Women with a history of pre-eclampsia are at a higher risk for developing atherosclerosis later in life, finds a new study by a research team at the Mayo Clinic. Pre-eclampsia is a condition that threatens the lives of pregnant women and the fetus. The findings are published in the Mayo Clinic Proceedings.
‘Women who have had pre-eclampsia during pregnancies were at greater risk of atherosclerosis decades later during their postmenopausal years.’
“We’ve found that pre-eclampsia continues to follow mothers long after the birth of their child,” says Vesna Garovic, M.D., Ph.D., Mayo Clinic Division of Nephrology and Hypertension. “The good news is that we can use these findings to apply earlier interventions for risk factors before cardiovascular disease presents.”
Using health records from the Rochester Epidemiology Project – a collaboration of southern Minnesota and western Wisconsin health care facilities — the research team identified 40 postmenopausal women with histories of pre-eclampsia and 40 women with normotensive — or normal blood pressure – pregnancy histories.
Carotid artery intima-media thickness, or the thickness of the artery walls, was measured in addition to blood tests. The artery wall thickness of women with a history of pre-eclampsia was significantly greater than those with normotensive pregnancies. These findings were echoed in a study of 10 texts.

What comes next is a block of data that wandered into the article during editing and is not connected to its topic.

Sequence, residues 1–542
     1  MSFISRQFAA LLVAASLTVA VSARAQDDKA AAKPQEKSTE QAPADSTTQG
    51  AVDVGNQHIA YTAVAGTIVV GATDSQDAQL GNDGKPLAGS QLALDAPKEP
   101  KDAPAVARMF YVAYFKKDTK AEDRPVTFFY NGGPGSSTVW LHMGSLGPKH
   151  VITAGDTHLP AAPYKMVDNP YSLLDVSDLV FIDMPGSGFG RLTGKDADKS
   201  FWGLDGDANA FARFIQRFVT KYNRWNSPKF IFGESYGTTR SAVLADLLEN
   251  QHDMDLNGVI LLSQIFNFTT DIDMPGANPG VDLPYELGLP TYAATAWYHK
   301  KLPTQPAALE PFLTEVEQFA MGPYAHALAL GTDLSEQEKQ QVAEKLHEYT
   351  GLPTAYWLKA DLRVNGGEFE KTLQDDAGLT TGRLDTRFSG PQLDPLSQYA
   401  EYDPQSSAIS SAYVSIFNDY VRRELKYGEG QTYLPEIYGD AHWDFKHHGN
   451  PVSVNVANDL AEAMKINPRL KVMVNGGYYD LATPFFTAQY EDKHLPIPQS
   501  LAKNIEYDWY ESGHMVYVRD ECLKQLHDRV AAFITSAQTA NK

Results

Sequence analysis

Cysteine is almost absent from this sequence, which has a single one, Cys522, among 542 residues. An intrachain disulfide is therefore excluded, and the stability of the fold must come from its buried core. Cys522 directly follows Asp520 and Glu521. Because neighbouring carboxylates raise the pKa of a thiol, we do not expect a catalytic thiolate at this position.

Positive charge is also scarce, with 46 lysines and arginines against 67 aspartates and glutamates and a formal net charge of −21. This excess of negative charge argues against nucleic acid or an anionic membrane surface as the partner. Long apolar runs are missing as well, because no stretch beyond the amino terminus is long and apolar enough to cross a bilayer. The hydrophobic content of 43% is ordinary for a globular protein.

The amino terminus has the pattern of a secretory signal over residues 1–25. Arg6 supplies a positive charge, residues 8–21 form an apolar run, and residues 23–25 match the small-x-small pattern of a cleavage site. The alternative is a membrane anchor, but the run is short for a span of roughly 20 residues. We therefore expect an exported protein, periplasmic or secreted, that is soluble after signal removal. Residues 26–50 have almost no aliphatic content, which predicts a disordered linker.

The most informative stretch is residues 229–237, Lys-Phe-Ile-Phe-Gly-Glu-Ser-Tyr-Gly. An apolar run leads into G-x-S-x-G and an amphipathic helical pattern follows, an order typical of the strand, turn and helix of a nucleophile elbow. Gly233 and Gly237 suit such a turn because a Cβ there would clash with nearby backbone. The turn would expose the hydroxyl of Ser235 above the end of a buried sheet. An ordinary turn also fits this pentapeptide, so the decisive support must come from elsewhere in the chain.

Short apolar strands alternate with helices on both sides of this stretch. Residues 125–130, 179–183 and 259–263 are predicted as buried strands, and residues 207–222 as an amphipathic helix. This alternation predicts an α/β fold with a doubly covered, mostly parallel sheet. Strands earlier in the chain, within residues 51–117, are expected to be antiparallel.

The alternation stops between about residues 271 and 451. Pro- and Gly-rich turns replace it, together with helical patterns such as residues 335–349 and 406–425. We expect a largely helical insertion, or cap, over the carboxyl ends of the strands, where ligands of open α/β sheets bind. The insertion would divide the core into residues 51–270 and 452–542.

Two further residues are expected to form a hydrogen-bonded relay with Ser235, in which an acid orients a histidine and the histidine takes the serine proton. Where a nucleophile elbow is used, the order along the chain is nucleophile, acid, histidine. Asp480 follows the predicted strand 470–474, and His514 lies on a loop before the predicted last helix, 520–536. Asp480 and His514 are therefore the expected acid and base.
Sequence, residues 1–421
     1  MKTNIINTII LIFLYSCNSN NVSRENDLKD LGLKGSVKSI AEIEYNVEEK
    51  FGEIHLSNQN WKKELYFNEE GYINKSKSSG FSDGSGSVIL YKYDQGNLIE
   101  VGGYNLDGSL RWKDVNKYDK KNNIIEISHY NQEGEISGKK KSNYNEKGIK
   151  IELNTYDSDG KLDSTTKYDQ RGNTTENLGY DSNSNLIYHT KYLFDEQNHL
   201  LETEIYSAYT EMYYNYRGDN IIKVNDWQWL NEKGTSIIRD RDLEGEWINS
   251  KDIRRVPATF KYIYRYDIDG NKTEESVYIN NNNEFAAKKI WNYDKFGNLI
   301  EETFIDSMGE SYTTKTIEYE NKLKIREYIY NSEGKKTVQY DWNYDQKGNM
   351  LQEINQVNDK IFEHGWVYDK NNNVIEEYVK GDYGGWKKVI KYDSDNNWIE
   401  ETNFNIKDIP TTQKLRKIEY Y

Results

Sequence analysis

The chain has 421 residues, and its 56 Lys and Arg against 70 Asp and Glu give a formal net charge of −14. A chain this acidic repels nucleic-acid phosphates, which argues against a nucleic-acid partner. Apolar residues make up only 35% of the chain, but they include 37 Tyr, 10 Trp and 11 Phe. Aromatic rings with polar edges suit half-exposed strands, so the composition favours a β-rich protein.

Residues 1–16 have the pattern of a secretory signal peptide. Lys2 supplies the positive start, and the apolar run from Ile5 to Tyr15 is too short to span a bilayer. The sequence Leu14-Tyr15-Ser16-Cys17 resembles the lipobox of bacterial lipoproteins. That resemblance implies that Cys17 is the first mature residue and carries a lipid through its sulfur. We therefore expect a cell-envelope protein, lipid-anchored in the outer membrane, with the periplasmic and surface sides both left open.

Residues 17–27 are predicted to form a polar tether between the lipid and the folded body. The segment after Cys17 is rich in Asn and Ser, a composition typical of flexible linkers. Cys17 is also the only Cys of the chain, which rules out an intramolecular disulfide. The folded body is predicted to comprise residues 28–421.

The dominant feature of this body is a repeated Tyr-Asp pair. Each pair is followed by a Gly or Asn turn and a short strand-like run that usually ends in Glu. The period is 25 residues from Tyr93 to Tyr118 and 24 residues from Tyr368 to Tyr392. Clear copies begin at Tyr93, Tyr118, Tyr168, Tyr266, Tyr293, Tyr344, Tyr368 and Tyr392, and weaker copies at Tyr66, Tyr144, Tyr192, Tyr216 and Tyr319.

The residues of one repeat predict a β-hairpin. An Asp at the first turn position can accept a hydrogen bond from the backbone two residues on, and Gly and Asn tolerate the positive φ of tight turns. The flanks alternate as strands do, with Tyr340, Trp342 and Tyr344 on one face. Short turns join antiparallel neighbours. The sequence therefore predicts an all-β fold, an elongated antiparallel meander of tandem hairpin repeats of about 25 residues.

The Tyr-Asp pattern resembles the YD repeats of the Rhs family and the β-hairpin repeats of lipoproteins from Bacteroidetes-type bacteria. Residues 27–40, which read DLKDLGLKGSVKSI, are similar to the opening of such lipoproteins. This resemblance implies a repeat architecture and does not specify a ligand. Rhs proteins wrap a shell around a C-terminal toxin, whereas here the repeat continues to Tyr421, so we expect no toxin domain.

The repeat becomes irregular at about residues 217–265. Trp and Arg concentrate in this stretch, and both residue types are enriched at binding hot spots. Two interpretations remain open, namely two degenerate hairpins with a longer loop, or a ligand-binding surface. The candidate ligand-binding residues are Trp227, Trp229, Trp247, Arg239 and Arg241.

“Even without a history of cardiovascular events, women who’ve had pre-eclampsic pregnancies are facing a higher risk of atherosclerosis decades later during their postmenopausal years,” says Dr. Garovic. “This makes pre-eclampsia a pregnancy complication that extends well beyond the pregnancy itself.”
Further study is needed on women with pre-eclampsia histories, according to Dr. Garovic, and that should continue to follow women late into life, where further complications may become apparent.